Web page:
Picture 2

Picture 2

Feb 7, 2013

Gay Marriage and the 10th Ammendment

I support gay marriage as long as it's done by state legislatures and not the courts. I think it requires state legislation to make it less contentious. The Supremes should rule that marriage is a state matter and that the 10th Amendment precludes Federal intrusion, so the Defense of Marriage Act is unconstitutional. However, I don't see how the 14th Amendment would apply in this case, so the Supremes should say it requires action state by state to make it legal. The Federal and state governments should recognize any marriage performed in any other state. I'm a Republican with libertarian tendencies. I don't think the Federal Government belongs in anybody's bedroom.

     I think marriage is a civil contract upon which inheritance is based. This was the position of the Pilgrims in 1620 who landed on Plymouth Rock without a minister to do weddings. Marriage is a legal construct to allow individuals to accept a standard relationship agreement enforced by the state. I don't believe marriage has to involve procreation. Procreation happens very frequently without marriage, and marriage happens very frequently without procreation. I do believe marriage is a states' rights issue. Every state should have the right to make its own laws about who can marry in their state. However, a marriage performed in any one state should be recognized in all states. I do not think that gay marriage is required by the 14th Amendment. In practical terms, it would be a Roe v Wade scale disaster if the Supremes tried to make law by ruling gay marriage is required by the 14th Amendment. It seems obvious that the 14th Amendment is about slavery and race. I don't think gay marriage was ever discussed as a reason for adoption of the Amendment. Finding an abortion penumbra in the constitution as an excuse to legislate from the bench has made the abortion argument much more divisive and prolonged than it would have been if it was left to the state legislatures to work out.  Gay marriage belongs in state legislatures.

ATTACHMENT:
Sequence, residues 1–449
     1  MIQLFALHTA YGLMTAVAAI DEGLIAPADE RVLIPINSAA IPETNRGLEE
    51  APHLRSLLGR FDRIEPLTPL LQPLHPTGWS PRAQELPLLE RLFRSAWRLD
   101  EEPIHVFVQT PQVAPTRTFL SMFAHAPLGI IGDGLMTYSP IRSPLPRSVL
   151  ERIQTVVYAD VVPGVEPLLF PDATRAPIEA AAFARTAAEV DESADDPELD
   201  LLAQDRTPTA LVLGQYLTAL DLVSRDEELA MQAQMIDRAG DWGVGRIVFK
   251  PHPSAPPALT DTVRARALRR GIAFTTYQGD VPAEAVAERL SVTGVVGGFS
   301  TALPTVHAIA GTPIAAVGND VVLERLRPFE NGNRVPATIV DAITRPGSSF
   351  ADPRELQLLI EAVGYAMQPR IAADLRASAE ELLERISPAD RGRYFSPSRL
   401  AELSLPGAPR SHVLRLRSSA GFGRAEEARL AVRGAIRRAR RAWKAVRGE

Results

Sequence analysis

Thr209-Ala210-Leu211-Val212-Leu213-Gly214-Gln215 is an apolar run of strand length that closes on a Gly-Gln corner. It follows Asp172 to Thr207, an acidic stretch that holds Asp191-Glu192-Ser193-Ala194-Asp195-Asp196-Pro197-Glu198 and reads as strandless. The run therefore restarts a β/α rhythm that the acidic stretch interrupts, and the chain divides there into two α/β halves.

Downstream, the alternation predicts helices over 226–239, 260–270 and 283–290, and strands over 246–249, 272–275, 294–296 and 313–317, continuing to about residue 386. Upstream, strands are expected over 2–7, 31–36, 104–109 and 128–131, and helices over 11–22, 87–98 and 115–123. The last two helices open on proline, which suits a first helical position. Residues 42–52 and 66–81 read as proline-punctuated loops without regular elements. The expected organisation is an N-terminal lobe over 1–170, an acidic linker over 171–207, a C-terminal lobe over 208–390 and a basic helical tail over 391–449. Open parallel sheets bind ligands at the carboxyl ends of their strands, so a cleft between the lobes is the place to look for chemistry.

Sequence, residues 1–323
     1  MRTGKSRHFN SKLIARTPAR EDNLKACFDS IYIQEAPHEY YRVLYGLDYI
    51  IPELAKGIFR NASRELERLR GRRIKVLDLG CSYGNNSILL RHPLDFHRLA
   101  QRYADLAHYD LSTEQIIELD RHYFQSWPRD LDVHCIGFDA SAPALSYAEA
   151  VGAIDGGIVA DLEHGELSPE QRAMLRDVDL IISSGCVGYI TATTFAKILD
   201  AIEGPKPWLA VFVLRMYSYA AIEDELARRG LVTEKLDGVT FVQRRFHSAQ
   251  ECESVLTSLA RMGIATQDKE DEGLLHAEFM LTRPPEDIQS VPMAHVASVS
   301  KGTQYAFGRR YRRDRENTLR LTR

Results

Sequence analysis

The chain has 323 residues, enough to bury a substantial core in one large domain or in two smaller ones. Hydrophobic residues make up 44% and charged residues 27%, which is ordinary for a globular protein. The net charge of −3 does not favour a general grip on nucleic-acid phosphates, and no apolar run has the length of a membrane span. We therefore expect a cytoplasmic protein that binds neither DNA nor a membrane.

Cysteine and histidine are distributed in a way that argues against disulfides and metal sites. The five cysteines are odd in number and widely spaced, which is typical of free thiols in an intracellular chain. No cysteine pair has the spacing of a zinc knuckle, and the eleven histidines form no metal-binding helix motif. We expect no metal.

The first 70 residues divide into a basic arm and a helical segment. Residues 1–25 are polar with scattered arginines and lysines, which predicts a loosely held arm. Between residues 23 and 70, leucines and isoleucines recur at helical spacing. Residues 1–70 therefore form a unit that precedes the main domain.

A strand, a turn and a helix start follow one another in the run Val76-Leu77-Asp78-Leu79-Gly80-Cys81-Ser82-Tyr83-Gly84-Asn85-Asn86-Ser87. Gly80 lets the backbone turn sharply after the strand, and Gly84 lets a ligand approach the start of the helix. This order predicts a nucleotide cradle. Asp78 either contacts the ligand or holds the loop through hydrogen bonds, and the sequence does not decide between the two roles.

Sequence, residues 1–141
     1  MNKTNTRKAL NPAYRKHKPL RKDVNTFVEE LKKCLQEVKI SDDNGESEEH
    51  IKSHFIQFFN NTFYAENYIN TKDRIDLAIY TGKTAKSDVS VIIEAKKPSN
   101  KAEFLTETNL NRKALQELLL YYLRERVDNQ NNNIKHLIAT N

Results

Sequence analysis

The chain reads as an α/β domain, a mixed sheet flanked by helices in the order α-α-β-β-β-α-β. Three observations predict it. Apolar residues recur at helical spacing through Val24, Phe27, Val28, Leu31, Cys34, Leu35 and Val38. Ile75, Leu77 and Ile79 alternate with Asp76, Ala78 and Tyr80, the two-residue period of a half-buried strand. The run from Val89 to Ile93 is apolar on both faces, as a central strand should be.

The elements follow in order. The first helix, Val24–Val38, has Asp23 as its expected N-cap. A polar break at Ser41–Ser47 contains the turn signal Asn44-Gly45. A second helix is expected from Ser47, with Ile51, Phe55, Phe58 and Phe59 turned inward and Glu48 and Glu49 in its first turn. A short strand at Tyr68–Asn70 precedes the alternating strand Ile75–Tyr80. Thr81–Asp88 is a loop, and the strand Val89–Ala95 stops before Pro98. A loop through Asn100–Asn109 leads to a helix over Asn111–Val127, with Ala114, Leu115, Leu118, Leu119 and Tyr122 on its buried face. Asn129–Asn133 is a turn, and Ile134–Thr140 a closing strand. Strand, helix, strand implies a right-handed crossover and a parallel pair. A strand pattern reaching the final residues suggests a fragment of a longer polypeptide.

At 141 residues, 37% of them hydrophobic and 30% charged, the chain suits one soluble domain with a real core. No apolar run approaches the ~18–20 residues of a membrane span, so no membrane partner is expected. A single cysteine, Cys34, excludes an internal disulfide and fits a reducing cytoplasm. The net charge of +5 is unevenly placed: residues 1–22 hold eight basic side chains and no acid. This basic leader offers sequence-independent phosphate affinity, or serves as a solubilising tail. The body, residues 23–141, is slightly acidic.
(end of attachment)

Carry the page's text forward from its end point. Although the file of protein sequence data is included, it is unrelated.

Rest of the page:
The Civil Rights Act of 1964 was legislated as a result of public support, not the result of the ruling in Brown vs Board of Education. The Roe vs Wade decision has been divisive for years and still is, in my opinion because it was legislated in court and not in the state legislatures. That's why gay marriage should be the legislature's call. The end is usually tainted by the means. If abortion had been worked out state by state, we'd be at the same place we are now with a lot fewer angry people. In the meantime, people can see that the sky won't fall just because gays are married. We can try it out and get used to it gradually. That's the advantage of a federal system. Local decisions can pave the way for more general results.
      Without the Defense of Marriage Act, gay marriages performed in New York, for example, would have to be recognized by all other states and the Federal Government. My wife's cousin got married to his partner in New York. They live in Florida. If DOMA is ruled unconstitutional, then Florida would have to recognize it. Also, they could file joint income tax and get social security survivor benefits. Problem solved without anywhere near the fuss of a 14th Amendment ruling that gay marriage is Constitutionally guaranteed.
      A 10th Amendment ruling against DOMA should get a lot of conservative backing. We love the 10th Amendment.  We want the Feds out of the picture as much as possible.  Consistency requires that we should want DOMA out of the picture as well.